A Robin Hood is superficially attractive because it seems to offer:
- higher taxes on the wealthy
- a curb on speculation and market volatility
- more money for aid and global public goods.
But as I explained in February the Robin Hood tax isn’t a very good way to achieve any of these perfectly reasonable objectives. They would be much better pursued separately.
This analysis was confirmed by this new research published today by Neil McCulloch at the Institute for Development Studies. He finds that:
- a significant proportion of a foreign exchange tax would be passed on to consumers (so it would not be not a tax on the wealthy);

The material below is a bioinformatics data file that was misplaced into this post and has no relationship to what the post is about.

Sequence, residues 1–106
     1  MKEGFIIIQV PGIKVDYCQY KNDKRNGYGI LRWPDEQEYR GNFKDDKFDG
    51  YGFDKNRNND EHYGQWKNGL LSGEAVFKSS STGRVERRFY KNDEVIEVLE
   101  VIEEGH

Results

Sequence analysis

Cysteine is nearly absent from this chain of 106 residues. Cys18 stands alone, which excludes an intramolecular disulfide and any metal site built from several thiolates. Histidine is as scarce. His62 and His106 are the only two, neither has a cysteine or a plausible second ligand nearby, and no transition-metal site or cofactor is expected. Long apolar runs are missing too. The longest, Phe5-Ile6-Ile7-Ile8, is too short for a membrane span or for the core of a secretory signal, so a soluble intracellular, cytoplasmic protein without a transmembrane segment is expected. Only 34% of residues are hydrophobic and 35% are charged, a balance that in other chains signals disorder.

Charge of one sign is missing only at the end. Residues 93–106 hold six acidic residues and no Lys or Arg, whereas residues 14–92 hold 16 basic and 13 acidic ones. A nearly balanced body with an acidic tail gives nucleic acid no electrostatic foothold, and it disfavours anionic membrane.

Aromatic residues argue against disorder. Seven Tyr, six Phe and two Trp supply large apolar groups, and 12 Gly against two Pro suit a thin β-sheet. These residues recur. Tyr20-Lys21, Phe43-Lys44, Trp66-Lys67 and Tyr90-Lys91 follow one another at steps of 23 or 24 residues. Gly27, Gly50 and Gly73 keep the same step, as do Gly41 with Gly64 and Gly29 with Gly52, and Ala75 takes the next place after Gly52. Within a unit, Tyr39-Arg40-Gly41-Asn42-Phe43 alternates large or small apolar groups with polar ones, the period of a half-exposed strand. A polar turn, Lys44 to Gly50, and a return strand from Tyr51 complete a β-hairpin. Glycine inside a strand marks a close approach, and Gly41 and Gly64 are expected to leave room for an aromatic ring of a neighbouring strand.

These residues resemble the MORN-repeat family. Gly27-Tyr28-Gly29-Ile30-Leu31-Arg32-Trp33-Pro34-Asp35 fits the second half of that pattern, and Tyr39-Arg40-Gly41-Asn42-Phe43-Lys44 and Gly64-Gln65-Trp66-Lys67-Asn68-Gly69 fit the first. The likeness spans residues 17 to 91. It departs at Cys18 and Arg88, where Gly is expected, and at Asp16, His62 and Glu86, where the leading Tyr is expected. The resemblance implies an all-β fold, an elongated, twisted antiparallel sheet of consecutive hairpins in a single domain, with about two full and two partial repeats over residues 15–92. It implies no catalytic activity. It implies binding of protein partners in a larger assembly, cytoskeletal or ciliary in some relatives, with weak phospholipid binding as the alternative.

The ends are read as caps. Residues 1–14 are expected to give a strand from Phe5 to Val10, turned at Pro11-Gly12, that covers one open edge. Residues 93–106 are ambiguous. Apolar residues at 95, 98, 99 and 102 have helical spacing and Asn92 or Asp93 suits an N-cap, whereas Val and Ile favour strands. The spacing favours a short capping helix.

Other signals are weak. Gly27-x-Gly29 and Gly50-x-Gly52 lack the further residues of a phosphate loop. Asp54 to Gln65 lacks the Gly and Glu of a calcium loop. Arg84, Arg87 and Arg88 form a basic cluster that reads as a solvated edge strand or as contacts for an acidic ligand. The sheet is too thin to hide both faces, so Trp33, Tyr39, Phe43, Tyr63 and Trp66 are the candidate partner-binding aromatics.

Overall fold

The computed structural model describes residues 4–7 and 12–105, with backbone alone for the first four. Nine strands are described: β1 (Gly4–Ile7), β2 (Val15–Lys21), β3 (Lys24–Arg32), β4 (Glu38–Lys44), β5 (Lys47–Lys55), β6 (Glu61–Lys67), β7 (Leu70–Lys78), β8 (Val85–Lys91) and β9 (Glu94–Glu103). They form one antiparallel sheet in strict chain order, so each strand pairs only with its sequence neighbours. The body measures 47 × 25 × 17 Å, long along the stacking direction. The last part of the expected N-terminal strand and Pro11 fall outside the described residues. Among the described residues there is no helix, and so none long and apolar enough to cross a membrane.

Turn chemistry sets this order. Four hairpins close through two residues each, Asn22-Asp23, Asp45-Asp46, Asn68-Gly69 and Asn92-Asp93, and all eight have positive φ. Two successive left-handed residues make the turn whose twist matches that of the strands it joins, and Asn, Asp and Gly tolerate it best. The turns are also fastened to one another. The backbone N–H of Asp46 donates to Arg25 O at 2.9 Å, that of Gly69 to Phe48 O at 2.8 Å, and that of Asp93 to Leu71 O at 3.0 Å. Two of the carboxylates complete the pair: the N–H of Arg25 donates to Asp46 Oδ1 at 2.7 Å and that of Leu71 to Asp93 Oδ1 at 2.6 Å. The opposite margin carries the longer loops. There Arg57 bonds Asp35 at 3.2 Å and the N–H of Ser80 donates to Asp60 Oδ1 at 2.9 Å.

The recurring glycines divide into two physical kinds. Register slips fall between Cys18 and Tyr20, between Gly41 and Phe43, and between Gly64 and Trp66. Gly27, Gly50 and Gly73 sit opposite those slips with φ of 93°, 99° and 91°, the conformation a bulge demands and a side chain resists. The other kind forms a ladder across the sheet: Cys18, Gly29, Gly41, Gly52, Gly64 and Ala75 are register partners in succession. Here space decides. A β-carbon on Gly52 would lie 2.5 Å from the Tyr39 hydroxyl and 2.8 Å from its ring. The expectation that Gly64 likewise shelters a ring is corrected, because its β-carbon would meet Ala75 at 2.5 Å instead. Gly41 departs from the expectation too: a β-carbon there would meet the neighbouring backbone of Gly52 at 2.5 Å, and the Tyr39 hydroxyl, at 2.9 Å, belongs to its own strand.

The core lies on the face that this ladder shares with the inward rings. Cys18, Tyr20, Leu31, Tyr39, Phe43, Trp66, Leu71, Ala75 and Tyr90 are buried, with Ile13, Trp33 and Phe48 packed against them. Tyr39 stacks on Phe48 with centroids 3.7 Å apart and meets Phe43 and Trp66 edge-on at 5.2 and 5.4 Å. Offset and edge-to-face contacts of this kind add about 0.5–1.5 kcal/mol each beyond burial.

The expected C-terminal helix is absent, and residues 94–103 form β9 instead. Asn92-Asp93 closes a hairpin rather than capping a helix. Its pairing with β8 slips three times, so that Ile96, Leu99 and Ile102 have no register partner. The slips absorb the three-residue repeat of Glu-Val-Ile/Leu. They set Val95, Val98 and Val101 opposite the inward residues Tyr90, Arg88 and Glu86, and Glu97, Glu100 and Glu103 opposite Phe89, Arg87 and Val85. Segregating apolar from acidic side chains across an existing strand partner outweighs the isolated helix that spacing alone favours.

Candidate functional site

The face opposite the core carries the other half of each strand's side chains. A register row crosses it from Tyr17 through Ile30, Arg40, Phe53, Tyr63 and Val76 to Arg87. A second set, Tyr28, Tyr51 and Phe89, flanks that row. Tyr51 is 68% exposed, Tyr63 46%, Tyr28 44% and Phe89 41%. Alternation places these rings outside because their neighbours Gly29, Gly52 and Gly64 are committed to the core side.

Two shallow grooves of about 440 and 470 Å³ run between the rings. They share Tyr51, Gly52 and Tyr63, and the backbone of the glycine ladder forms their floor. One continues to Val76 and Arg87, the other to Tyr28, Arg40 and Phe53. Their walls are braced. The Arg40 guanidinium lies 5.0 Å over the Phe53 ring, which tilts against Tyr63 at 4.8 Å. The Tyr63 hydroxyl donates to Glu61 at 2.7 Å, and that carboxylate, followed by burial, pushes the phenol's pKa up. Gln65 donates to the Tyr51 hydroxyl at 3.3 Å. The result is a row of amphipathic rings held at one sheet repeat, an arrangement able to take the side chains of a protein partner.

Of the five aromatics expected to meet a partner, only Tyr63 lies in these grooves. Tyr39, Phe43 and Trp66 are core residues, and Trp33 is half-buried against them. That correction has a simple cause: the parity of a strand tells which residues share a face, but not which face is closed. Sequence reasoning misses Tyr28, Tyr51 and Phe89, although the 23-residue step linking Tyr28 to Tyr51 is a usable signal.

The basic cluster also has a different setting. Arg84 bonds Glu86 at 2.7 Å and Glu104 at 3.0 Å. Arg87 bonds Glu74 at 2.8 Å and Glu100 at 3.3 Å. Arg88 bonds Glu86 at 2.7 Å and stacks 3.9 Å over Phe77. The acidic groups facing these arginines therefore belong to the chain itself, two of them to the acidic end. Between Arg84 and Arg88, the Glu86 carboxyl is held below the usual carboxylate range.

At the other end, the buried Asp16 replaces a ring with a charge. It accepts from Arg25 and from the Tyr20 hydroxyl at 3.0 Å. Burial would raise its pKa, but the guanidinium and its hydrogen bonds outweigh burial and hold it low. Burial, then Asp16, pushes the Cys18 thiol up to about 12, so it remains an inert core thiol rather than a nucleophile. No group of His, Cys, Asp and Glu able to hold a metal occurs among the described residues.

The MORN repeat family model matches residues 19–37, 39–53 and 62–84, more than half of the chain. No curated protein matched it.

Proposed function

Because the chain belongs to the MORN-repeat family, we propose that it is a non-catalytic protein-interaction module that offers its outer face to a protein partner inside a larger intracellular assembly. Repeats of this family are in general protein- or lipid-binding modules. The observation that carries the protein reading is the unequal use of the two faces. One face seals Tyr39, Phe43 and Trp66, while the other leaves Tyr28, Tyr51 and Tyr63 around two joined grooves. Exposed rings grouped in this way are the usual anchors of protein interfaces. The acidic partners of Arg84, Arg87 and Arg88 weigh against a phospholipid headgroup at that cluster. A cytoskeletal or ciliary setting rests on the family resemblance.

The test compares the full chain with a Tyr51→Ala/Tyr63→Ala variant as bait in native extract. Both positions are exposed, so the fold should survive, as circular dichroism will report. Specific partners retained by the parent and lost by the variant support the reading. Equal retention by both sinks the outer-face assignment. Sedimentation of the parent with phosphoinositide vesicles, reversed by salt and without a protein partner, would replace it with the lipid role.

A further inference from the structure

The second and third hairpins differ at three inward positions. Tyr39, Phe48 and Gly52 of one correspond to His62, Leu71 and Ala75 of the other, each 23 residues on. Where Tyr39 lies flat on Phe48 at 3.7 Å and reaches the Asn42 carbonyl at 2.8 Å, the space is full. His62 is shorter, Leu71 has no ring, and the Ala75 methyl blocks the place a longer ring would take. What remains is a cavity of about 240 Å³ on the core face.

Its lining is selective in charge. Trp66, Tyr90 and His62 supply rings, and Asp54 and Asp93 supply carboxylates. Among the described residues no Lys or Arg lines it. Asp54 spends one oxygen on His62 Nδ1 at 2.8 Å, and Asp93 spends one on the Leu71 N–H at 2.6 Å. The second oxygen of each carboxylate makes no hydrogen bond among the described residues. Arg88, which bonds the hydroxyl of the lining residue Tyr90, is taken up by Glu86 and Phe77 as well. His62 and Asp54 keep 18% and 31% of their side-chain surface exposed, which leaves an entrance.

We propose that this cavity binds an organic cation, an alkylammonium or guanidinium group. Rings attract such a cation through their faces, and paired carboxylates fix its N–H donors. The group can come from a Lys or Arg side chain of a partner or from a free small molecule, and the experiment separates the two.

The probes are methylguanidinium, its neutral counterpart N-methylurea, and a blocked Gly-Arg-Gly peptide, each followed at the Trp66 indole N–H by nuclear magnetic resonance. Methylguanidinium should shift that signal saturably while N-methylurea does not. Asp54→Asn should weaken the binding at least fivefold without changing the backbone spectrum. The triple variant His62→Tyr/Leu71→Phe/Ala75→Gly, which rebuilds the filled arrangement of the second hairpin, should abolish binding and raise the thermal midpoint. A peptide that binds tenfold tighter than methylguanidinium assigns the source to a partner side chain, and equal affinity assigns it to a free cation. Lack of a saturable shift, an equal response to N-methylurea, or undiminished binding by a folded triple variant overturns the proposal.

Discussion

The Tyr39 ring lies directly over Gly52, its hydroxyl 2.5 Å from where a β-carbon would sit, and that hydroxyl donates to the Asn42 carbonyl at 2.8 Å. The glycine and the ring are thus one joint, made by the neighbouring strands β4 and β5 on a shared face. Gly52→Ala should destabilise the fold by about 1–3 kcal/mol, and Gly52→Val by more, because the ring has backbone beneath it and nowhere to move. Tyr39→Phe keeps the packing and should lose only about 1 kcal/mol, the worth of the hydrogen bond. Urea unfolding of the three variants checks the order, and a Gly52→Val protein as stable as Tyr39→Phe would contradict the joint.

- most empirical evidence shows that higher transactions costs are associated with more, rather than less, volatility.
He also finds that a financial transaction tax is feasible and that a tax on foreign exchange transactions could raise £7.7 billion in the UK, or $26 billion if implemented worldwide.
Unexpectedly, he then concludes that the UK Government should implement a currency transaction tax.
If the Robin Hood tax is not a tax predominantly borne by the wealthy, nor will it reduce market volatility, what’s the case for it?
If we want to increase our spending on aid and global public goods – which I support – we should do so by way of making the case in the public spending process. Development activists should not try to bypass the systems of democratic control of spending priorities, nor should they advocate taxes which do not make good tax policy on either distributional or microeconomic grounds.